THESE NEW PURITANS
"Field Of Reeds"
Well, how do you follow a near-perfect album? Maybe by stepping completely out of its context and removing yourself from the concept of any so-called indie music scene whatsoever? You can still feel that 2010's “Hidden” was weighing heavy on Jack Barnett's shoulders. Nevertheless, “Field Of Reeds” is not the expected retreat, instead its ambitious arrangements rush to much bolder and more distinguished terrain. Aside of introducing the voice of Portuguese jazz singer Elisa Rodrigues and several children choirs, Barnett has become more conscious of being a singer himself. In contrast to the album's overtly rhythmic predecessors, Barnett's compositions are now almost entirely acted out through amazing woodwind and string orchestrations and a rediscovered magnetic resonator piano. For the greater part the lack of percussion and drums may make it appear as TNPs quietest opus to date, belying the fact that you will rarely hear a contemporary record more powerful and thrilling than this. But how does it come together? “Field Of Reeds” is largely inscribed with the topography of a landscape, more precisely the English landscape. Ranging from breathtaking panoramas to subtle down-to-earth details, the music empathises with the true nature of the island. Isolated, distinct, experiencing its own language and environment. Barnett retrieves a timeless symbolist poetry for a territory that just like the glass smashed on one of the album's key tracks lies now shattered in dozens of fragments, parts of them concrete while others transformed into dreamlike imaginations. Executed with much effort, much endurance and hard work, and assembled with an anachronistic seriousness, it seems that “Field Of Reeds” is carrying traces of the romantic and pastoral, of great English early and baroque music composers like John Dowland and Henry Purcell in its bloodline. From a more contemporary perspective TNP follow the thin line of subtle English impressionisms once spun by Talk Talk's “Laughing Stock”, Hood's “Rustic Houses Forlorn Valleys” and Bark Psychosis' “Hex” (and unsurprisingly so, Graham Sutton is involved in the album as a co-producer). Even if some parts of it remain cryptic and labyrinthine, “Field Of Reeds” reveals a haunting insight into the soul of a landscape and the mind of a highly dedicated and inspired young composer.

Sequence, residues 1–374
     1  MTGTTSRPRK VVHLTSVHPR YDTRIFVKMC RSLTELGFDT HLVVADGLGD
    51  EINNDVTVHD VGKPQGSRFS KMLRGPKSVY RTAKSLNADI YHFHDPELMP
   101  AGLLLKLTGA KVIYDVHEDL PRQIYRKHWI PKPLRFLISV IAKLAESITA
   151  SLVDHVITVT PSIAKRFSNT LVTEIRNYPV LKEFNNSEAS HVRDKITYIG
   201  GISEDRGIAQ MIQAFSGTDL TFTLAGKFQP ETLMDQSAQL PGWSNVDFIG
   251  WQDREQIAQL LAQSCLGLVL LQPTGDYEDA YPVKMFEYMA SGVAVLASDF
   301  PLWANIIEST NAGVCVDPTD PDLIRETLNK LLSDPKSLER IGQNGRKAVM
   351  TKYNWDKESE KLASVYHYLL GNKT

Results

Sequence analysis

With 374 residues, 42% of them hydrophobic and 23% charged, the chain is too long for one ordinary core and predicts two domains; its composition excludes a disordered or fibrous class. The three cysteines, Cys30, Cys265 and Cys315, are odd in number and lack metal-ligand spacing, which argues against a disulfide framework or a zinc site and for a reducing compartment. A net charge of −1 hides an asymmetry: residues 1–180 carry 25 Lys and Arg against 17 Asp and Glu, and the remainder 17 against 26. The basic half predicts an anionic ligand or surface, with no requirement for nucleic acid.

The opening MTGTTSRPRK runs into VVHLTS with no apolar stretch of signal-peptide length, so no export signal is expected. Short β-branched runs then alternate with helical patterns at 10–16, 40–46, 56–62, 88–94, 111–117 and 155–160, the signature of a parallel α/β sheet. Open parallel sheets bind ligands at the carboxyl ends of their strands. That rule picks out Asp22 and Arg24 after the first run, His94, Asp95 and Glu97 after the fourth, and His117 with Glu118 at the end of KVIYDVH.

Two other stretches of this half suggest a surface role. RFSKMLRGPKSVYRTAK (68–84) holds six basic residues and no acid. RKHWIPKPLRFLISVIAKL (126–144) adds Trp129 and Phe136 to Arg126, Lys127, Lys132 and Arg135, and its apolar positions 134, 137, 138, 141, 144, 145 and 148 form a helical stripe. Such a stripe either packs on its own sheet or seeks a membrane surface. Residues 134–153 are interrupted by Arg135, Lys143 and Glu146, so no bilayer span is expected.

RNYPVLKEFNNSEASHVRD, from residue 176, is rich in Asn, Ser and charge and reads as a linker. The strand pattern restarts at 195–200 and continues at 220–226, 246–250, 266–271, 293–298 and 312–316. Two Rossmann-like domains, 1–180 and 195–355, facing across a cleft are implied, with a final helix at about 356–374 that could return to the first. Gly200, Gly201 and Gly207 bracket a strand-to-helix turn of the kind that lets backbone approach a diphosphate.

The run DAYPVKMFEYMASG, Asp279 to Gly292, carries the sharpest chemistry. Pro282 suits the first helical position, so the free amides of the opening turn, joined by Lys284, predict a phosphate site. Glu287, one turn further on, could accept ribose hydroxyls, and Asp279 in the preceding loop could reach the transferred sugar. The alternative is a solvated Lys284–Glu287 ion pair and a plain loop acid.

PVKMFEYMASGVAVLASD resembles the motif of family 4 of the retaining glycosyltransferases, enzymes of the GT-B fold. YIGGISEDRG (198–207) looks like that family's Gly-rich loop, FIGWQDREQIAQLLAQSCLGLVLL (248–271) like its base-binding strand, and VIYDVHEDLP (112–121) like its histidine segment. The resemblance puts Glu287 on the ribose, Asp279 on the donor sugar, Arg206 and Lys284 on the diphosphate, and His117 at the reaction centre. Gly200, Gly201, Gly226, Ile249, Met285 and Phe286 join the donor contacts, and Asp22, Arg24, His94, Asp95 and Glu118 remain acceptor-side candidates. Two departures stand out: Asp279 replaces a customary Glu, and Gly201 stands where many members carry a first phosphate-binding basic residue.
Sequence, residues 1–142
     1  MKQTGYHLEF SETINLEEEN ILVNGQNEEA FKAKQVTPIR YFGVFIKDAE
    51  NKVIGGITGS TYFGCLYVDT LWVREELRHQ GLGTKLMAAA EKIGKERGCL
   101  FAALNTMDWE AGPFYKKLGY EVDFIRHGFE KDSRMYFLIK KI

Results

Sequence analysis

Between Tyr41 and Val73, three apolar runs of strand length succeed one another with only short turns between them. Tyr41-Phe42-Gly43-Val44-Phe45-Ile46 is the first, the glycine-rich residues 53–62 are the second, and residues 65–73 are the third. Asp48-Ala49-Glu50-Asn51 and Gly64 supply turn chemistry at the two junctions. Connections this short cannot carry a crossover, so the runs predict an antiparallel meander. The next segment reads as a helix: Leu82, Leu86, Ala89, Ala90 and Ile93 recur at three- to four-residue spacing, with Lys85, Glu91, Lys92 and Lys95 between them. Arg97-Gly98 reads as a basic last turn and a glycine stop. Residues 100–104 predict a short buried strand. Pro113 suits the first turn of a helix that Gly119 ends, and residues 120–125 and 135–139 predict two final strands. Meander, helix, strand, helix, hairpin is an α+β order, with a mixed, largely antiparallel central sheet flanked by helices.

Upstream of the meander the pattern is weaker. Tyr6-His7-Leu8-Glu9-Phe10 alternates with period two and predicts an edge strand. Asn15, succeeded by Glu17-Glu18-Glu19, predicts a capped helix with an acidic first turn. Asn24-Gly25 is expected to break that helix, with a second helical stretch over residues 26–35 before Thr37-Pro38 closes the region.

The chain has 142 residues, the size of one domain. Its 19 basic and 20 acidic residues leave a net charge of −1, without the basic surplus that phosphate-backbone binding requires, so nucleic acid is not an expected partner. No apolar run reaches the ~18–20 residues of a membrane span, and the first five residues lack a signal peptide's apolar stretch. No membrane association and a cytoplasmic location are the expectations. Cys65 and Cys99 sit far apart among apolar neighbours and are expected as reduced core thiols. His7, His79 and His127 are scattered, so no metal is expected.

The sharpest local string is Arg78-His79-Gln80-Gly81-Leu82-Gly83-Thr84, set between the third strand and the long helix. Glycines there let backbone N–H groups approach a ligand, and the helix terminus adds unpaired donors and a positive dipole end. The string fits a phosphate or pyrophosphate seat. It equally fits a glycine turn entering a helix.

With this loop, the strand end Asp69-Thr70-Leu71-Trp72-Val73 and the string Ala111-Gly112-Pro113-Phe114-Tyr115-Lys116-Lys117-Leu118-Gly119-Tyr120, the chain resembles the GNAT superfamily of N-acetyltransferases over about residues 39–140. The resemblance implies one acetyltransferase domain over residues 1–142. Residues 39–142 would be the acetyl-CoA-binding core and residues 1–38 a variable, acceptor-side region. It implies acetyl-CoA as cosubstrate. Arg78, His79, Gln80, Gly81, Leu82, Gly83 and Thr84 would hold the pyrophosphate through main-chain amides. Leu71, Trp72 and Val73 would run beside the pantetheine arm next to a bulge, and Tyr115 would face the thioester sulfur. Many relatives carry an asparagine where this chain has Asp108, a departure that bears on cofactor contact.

SEE #50 - #26